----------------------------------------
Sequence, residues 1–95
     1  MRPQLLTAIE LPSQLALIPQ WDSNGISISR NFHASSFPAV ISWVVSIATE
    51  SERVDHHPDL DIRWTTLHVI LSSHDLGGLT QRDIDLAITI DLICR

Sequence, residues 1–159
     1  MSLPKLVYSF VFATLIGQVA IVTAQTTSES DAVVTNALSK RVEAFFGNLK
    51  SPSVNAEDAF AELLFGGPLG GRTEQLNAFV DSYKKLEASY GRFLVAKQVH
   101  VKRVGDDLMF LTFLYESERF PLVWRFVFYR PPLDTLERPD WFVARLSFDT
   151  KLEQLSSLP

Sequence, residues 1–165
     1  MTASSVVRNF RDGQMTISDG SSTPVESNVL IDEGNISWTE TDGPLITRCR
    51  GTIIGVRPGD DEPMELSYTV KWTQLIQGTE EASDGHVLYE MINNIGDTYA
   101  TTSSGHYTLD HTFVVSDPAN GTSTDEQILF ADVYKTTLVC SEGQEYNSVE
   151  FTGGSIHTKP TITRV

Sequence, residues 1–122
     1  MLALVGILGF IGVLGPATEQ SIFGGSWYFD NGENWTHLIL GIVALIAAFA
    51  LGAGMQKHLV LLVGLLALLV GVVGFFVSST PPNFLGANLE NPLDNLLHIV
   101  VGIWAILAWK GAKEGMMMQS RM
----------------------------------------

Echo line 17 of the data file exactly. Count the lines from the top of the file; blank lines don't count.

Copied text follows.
   101  VGIWAILAWK GAKEGMMMQS RM